Charles Stanley gender pay gap grows

DFM joins handful of early reporters who have failed to move the dial on male and female pay gap


Kristen McGachey

Charles Stanley’s gender pay gap has become worse a year on despite the firm taking measures to bring more women in at the senior level and carry out an audit of male and female pay across the firm.

The wealth manager unveiled its second annual pay gap report on Wednesday, which showed the mean pay gap at the company rose 2.6 percentage points from 34.8% to 37.4% year-on-year. This means that on average women made £19.81 per hour, while the average male salary was £31.64 per hour.

While more women received bonuses than men at the firm in 2018 (82.1% of women versus 78.6% of men), male employees’ bonuses were 73.5% higher on average, though, the firm said this gap was 1.2 percentage points lower. The median bonus pay gap was only 37.5%.

Charles Stanley CEO Paul Abberley (pictured) said the firm has “continued to make progress,” adding that its results “are usually above the industry average”. But he said, “we recognise we are still at the start of our journey and we have more to do”.

In the year since its last report Abberley said the firm had added more women at the senior management level. It now has two women on the board and three on its executive committee. The DFM has also undertaken a pay audit across the organisation which Abberley said has resulted in the pay gap narrowing in all but one of its pay quartiles.

Little change elsewhere

Charles Stanley’s results are in line with those from a handful of early reporters in the investment industry who have published results ahead of the government’s deadline of 30 March for public sector organisations and 4 April for private companies and charities. Since last April companies with 250 staff or more have been required by law to release information on how much they pay their male and female employees.

Axa Investment Managers’ second gender pay gap report, also published on Wednesday, showed no change in the disparity between women’s and men’s mean hourly rates, which came in 0.1% higher than the year before at 29.8%.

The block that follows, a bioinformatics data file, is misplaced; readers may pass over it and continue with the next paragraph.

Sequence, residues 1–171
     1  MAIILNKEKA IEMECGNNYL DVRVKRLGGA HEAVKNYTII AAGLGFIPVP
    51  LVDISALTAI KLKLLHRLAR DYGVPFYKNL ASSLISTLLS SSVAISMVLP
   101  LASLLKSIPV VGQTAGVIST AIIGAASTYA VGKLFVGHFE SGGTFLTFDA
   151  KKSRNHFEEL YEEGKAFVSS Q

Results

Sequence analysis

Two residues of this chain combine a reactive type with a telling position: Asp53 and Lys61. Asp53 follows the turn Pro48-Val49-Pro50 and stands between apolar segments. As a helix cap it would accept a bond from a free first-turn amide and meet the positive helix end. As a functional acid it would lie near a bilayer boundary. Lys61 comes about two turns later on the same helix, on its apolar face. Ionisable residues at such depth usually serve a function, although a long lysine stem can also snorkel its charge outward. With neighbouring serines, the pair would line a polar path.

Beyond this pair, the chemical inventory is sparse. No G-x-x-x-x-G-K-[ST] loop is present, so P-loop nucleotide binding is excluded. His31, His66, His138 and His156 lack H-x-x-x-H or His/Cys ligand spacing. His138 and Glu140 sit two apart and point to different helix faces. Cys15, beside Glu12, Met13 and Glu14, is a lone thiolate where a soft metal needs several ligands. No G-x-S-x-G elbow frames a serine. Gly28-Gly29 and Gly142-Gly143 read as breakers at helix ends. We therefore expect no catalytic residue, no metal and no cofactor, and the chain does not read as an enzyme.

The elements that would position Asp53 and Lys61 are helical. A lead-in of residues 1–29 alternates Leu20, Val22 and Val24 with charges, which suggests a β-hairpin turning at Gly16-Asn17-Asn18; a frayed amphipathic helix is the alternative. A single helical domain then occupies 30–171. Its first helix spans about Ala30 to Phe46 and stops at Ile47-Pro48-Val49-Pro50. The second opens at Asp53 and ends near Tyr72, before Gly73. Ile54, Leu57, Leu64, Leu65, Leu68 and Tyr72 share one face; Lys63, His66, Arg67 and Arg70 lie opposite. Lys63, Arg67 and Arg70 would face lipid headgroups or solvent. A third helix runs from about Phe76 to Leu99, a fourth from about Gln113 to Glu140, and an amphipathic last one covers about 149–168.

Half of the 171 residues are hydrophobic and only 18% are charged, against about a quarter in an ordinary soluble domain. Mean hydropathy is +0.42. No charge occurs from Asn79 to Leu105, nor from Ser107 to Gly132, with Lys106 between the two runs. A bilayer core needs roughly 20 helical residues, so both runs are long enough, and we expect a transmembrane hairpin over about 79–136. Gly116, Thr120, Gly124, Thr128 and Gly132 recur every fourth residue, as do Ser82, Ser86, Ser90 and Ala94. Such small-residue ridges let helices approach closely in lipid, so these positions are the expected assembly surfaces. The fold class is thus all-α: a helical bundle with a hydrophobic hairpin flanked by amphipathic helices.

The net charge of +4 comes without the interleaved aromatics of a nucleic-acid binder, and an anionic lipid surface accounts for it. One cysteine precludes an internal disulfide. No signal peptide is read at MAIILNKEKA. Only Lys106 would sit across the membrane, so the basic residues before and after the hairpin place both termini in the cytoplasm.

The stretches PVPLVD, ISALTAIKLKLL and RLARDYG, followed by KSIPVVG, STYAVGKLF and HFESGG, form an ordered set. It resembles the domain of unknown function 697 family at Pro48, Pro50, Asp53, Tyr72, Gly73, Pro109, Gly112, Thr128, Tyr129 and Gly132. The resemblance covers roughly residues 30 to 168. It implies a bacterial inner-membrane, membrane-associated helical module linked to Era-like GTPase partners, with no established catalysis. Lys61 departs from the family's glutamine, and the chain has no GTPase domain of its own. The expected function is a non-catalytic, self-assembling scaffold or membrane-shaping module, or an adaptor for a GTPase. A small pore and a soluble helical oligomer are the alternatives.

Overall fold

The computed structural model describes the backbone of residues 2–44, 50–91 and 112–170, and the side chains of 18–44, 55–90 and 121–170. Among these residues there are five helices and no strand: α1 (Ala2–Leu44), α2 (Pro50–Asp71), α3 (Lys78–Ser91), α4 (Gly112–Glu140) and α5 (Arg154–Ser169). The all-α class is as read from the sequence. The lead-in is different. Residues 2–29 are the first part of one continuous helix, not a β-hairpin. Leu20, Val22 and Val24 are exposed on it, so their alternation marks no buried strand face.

Quilter revealed a shrinking mean pay gap in its latest report published last Friday but the mean bonus gap remained stubbornly stuck at 70%. At Axa IM women’s mean bonus pay was 76.1% lower than men’s.

‘Cultural shift’ needed

Both investors expressed their disappointment over the results and said they were taking steps to improve gender diversity, including trying to build a sustainable pipeline of female talent.

“We need to drive a cultural shift inside our company, and in our industry to change perceptions and to encourage more diverse incoming talent, but specifically attract more female entrants to investment-based roles,” said Axa IM CEO Andrea Rossi. “Axa IM is moving in the right direction, however there is a lot still to be done and we are conscious of how crucial the coming years will be.”

The financial services industry as a whole emerged as one of worst sectors across Britain on gender pay. Salary benchmarking site Emolument put the gender pay gap across the UK asset management industry at 27% compared with men earning a median £93,000 compared with £68,000 for women. By contrast figures from the Office for National Statistics put the national average at 18%.

Discretionary managers have fared even worse than their fund group counterparts so far. After looking at the 2018 reports, which contain a snapshot of salaries and bonus pay from the year before, an analysis shows that DFM’s had an average pay gap of 40.87%. Stockbroker Hargreave Hale now owned by Canaccord Genuity Wealth Management had the worst mean pay gap at an eye watering 81.82%, which was followed by Mattioli Woods with a pay gap of 71%.

Even the UK financial services watchdog, the Financial Conduct Authority, has made minimal progress in reducing its gender pay gap and failed to get more women into senior leadership roles in the last two years.

This article was first published by ESG Clarity‘s sister title Portfolio Adviser.


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